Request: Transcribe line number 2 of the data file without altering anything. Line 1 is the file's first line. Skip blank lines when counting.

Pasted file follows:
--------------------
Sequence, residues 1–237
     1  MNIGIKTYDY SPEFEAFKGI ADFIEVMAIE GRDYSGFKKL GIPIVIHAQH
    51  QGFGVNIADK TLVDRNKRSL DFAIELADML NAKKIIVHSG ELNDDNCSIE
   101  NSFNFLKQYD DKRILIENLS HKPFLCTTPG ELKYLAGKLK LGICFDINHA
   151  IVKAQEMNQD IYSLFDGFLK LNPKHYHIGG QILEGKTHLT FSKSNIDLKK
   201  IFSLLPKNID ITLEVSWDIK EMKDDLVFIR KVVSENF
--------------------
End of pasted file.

     1  MNIGIKTYDY SPEFEAFKGI ADFIEVMAIE GRDYSGFKKL GIPIVIHAQH